Abstract. This paper presents a system, Loopy, for programming loop transformations. Manual loop transformation can be tedious and errorprone, while fully automated methods do not guarantee improvements. Loopy takes a middle path: a programmer specifies a loop transformation at a high level, which is then carried out automatically by Loopy, and formally verified to guard against specification and implementation mistakes. Loopy’s notation offers considerable flexibility with assembling transformations, while automation and checking prevent errors. Loopy is implemented for the LLVM framework, building on a polyhedral compilation library. Experiments show substantial improvements over fully automated loop transformations, using simple and direct specifications.
  • Publication
    Parametricity, Type Equality and Higher-order Polymorphism
    (2010-03-01) Vytiniotis, Dimitrios; Weirich, Stephanie
    Propositions that express type equality are a frequent ingredient of modern functional programming|they can encode generic functions, dynamic types, and GADTs. Via the Curry-Howard correspondence, these propositions are ordinary types inhabited by proof terms, computed using runtime type representations. In this paper we show that two examples of type equality propositions actually do re ect type equality; they are only inhabited when their arguments are equal and their proofs are unique (up to equivalence.) We show this result in the context of a strongly normalizing language with higher-order polymorphism and primitive recursion over runtime type representations by proving Reynolds's abstraction theorem. We then use this theorem to derive \free" theorems about equality types.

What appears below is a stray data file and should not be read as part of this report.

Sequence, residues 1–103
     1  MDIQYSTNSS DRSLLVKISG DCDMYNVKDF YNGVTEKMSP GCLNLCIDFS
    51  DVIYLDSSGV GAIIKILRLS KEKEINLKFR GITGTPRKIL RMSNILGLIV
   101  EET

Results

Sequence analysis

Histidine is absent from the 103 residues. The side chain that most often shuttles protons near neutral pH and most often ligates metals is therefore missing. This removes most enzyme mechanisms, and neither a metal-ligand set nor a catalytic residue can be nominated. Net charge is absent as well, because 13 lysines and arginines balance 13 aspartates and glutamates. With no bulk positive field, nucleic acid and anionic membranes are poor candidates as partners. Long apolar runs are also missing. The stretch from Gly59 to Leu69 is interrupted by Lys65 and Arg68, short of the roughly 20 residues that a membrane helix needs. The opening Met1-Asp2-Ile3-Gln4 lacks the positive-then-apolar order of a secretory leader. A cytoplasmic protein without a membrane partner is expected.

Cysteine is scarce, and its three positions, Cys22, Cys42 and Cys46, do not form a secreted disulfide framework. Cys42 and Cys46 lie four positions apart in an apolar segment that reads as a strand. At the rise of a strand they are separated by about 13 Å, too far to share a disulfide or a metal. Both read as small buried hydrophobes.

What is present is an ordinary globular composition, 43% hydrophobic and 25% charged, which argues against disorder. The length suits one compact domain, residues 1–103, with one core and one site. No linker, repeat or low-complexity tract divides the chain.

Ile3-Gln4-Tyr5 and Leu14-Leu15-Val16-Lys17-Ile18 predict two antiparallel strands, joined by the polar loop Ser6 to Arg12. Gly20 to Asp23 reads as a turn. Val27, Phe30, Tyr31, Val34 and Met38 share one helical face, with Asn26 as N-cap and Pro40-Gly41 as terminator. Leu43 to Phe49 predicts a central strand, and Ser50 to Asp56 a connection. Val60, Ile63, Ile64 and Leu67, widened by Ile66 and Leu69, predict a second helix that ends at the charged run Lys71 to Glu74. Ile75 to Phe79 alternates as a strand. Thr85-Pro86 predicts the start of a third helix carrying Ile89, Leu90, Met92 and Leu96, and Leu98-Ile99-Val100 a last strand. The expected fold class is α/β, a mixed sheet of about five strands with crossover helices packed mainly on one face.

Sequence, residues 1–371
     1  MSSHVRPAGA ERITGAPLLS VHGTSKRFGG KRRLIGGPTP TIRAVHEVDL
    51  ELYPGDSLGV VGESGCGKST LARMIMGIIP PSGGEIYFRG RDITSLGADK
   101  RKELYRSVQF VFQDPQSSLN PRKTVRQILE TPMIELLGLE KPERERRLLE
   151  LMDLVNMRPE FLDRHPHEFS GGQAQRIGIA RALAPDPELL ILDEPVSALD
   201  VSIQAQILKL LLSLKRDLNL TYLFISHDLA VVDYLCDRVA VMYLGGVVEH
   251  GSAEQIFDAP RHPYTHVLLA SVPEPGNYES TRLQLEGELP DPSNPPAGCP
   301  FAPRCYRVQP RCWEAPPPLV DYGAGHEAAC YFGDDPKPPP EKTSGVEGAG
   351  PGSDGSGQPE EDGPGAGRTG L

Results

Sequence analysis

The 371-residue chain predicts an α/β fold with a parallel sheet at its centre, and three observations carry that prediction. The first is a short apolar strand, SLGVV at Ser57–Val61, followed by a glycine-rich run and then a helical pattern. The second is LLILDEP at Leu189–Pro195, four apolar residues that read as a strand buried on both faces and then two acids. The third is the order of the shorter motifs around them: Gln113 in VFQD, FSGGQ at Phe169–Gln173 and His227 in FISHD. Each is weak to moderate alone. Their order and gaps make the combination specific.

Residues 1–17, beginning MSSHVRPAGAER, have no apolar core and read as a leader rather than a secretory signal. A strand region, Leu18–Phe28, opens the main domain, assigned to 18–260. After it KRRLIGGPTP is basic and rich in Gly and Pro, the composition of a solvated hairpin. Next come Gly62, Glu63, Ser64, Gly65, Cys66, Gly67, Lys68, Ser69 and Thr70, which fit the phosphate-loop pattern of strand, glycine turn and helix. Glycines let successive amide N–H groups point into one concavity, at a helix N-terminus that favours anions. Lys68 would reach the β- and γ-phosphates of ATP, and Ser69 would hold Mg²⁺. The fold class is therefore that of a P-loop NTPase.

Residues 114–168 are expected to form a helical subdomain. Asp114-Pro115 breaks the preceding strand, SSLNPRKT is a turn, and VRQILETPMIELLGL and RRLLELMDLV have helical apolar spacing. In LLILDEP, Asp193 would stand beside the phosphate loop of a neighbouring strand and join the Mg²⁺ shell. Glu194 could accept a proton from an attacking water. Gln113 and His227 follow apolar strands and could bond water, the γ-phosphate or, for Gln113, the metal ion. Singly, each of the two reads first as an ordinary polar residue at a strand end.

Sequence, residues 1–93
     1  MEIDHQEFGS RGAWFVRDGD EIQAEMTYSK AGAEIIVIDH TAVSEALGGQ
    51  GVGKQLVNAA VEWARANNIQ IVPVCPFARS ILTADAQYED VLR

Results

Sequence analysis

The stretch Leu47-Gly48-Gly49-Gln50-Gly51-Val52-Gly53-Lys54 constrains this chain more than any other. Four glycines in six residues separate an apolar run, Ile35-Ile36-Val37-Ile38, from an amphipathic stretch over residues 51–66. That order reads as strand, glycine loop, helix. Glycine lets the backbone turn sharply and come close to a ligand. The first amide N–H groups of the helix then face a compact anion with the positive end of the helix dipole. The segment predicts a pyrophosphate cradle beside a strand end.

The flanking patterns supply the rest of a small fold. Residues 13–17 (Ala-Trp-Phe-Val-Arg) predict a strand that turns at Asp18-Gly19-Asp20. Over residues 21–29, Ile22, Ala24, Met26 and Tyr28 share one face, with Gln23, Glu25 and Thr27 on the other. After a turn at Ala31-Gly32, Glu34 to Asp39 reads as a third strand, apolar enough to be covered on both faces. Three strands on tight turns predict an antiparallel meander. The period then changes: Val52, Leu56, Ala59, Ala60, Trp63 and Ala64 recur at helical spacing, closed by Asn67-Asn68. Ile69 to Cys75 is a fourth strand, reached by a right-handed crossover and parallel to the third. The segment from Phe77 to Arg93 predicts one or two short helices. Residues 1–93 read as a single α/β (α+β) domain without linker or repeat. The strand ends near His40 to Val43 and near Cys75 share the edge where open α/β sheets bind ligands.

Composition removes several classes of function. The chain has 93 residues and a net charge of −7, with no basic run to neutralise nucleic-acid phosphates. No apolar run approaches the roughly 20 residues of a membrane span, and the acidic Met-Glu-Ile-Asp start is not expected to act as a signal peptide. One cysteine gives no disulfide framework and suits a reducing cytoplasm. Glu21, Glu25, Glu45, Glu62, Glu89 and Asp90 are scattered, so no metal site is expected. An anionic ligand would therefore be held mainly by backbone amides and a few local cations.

• Publication
    Declarative Automated Cloud Resource Orchestration
    (2011-10-01) Liu, CHangbin; Loo, Boon Thau; Mao, Yun
    As cloud computing becomes widely deployed, one of the challenges faced involves the ability to orchestrate a highly complex set of subsystems (compute, storage, network resources) that span large geographic areas serving diverse clients. To ease this process, we present COPE (Cloud Orchestration Policy Engine), a distributed platform that allows cloud providers to perform declarative automated cloud resource orchestration. In COPE, cloud providers specify system-wide constraints and goals using COPElog, a declarative policy language geared towards specifying distributed constraint optimizations. COPE takes policy specifications and cloud system states as input and then optimizes compute, storage and network resource allocations within the cloud such that provider operational objectives and customer SLAs can be better met. We describe our proposed integration with a cloud orchestration platform, and present initial evaluation results that demonstrate the viability of COPE using production traces from a large hosting company in the US. We further discuss an orchestration scenario that involves geographically distributed data centers, and conclude with an ongoing status of our work.